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Brown, Republicans Break Off Budget Negotiations

April 1, 2011

Gov. Jerry Brown and legislative Republicans have given up on budget negotiations, and Brown appears headed toward placing his long-sought after statewide ballot proposition extending sales and income taxes on the November ballot via the petition process.

The negotiations soured last Friday, when Senate Republican leader Bob Dutton of Rancho Cucamonga presented the Governor with a list of items he felt were necessary before Republicans could support the Governor’s statewide proposition in the legislature. “We made the presentation to the governor as far as what we felt was necessary to restore California and help create jobs," Dutton said after a meeting with the Governor. He would not detail what was in this latest package presented by the Republicans.

On Friday morning, Senate President Pro Tem Darrell Steinberg (D-Sacramento) vented his frustration with the Republicans, saying “If these guys don't start moving and moving fast, I'm prepared to pull the plug.”

Brown sent a letter on Monday calling off the negotiations. In a statement released Tuesday, Brown said “Yesterday, I stopped the discussions that I had been conducting with various members of the Republican party regarding our state’s massive deficit.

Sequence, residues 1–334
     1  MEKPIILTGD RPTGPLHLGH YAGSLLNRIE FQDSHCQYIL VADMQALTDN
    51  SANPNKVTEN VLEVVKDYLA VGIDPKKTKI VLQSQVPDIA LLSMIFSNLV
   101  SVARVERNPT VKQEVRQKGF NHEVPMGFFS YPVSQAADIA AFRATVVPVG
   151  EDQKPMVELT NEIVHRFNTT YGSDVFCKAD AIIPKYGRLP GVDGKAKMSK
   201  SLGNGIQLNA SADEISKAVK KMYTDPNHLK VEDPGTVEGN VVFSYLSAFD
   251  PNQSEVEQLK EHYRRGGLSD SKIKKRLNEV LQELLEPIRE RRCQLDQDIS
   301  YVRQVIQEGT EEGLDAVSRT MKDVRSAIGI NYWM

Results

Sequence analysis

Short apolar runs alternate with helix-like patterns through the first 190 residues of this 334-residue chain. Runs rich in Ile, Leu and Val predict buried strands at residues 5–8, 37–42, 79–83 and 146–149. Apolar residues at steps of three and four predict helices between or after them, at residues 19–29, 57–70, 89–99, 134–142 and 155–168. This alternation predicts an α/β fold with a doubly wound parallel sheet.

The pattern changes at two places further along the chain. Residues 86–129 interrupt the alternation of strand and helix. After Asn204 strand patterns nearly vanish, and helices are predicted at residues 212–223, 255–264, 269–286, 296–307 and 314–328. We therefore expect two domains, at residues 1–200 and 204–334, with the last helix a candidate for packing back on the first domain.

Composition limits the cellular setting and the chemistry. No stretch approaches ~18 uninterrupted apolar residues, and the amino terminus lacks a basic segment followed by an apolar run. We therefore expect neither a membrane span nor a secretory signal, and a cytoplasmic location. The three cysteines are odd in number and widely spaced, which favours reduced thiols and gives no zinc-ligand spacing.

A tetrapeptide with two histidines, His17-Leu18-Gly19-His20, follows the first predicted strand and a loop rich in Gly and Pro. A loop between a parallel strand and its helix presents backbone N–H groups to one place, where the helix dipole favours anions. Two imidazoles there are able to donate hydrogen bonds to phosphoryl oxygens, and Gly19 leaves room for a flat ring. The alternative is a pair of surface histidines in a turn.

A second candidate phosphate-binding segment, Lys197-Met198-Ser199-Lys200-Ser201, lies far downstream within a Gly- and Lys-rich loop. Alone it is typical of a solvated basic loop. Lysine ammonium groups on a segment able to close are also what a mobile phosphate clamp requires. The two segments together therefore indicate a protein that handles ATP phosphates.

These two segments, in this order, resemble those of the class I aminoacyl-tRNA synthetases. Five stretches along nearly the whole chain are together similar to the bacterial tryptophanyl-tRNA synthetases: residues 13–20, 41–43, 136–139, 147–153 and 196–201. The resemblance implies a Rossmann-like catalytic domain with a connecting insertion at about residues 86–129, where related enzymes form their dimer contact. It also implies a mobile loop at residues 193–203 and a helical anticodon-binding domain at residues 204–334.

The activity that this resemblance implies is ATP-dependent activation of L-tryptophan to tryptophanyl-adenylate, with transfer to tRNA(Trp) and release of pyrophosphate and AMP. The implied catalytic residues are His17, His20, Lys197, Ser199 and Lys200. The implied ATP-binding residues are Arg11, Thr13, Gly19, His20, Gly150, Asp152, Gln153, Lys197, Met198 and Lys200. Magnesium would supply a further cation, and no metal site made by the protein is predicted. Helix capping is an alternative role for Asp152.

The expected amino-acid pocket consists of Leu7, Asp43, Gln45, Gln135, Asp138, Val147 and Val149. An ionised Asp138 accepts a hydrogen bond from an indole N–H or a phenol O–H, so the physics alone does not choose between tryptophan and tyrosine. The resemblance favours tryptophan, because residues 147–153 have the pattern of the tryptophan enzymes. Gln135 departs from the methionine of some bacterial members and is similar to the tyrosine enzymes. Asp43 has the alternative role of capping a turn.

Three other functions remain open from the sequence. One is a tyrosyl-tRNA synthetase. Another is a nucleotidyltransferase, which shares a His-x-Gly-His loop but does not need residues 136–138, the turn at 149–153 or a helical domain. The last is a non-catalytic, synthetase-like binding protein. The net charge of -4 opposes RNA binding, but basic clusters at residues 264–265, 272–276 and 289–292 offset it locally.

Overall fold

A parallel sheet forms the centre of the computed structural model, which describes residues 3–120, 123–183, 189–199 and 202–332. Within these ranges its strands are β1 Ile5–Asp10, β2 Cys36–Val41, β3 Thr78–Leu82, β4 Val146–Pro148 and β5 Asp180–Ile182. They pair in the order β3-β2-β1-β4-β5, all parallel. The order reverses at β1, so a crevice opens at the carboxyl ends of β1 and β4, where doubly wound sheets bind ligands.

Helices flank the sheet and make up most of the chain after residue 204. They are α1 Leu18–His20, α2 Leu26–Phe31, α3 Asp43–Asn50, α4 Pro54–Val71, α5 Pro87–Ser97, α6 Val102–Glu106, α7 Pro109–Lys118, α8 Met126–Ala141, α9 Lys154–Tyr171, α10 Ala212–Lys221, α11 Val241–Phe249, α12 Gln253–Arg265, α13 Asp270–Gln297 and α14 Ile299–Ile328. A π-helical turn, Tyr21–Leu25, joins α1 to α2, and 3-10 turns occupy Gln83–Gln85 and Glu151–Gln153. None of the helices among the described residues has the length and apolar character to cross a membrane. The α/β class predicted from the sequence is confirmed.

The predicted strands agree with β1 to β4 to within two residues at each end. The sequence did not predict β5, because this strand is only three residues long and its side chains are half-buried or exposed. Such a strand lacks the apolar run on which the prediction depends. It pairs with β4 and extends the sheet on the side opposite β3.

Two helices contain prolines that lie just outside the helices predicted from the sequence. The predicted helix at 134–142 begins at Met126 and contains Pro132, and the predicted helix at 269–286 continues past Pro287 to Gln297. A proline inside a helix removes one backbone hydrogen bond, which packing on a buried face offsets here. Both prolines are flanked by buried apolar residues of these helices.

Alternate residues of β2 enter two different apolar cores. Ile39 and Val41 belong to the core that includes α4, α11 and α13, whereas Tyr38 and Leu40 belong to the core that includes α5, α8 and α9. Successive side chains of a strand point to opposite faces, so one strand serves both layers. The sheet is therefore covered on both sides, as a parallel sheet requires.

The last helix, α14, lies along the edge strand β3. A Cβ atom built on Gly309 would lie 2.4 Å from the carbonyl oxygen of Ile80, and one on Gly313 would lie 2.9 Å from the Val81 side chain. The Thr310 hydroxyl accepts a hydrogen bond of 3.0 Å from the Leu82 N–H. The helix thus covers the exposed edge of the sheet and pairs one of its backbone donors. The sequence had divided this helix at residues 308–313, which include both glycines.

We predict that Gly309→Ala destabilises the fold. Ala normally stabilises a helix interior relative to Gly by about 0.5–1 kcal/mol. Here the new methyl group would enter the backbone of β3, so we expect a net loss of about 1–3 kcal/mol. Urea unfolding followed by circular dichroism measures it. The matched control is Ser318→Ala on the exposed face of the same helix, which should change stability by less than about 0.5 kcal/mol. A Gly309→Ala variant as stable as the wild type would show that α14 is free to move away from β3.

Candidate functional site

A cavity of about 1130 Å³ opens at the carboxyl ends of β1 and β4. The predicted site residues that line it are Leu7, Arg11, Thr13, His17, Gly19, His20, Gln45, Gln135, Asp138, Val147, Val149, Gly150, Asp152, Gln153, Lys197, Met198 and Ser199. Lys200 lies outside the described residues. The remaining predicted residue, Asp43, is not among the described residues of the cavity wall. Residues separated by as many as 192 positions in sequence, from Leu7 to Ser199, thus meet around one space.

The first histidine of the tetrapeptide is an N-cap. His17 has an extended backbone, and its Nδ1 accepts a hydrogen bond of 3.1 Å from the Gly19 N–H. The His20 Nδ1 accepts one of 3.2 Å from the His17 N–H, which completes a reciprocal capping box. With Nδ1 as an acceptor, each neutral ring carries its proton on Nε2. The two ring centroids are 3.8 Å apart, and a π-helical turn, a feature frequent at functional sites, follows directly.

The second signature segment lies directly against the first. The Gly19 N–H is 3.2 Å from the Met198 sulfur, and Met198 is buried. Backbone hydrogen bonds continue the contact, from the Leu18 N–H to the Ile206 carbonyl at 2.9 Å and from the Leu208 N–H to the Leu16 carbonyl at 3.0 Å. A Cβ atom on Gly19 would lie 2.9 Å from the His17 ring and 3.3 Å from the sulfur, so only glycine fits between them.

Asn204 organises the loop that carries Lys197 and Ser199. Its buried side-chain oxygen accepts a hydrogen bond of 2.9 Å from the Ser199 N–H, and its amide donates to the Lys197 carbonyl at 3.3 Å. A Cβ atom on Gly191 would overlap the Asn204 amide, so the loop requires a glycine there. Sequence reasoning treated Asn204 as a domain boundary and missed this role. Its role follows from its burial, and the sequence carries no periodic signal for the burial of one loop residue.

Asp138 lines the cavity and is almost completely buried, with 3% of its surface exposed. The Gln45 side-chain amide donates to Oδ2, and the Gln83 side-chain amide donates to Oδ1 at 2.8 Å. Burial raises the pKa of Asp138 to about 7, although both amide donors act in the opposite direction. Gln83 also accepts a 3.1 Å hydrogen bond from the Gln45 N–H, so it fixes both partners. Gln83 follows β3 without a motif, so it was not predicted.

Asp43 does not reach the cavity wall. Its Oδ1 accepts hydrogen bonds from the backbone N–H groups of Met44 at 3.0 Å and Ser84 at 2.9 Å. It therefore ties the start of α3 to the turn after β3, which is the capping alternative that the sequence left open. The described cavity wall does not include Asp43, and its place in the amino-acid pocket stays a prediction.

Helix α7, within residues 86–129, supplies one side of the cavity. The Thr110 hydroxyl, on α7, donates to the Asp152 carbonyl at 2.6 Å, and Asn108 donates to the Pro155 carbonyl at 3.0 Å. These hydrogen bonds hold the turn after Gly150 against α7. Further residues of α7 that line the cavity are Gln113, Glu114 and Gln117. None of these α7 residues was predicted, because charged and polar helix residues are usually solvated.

“The budget plan that I put forth is balanced between deep cuts and extensions of currently existing taxes and I believe it is in the best interest of California. Under our constitution, however, two Republicans from the Assembly and two from the Senate must agree before this matter can be put to the people.

“Each and every Republican legislator I’ve spoken to believes that voters should not have this right to vote unless I agree to an ever changing list of collateral demands.

“Let me be clear: I support pension reform, regulatory reform and a spending cap and offered specific and detailed proposals for each of these during our discussions.  While we made significant progress on these reform issues, the Republicans continued to insist on including demands that would materially undermine any semblance of a balanced budget.  In fact, they sought to worsen the state’s problem by creating a $4 billion hole in the budget.

“One glaring example is the taxation of multinational corporations. My budget plan requires that gigantic corporations be treated the same as individual taxpayers and not be allowed to choose their preferred tax rate.

“This is the so-called single sales factor. The Republicans demand that out-of-state corporations that keep jobs out of California be given a billion dollar tax break that will come from our schoolchildren, public safety and our universities. This I am not willing to do.
“Much is at stake, and in the coming weeks I will focus my efforts on speaking directly to Californians and coming up with honest and real solutions to our budget crisis.

Attached is my letter to Republican Leader Dutton last Friday that outlines in greater detail my position."

Source:  Governorís Press Office, Associated Press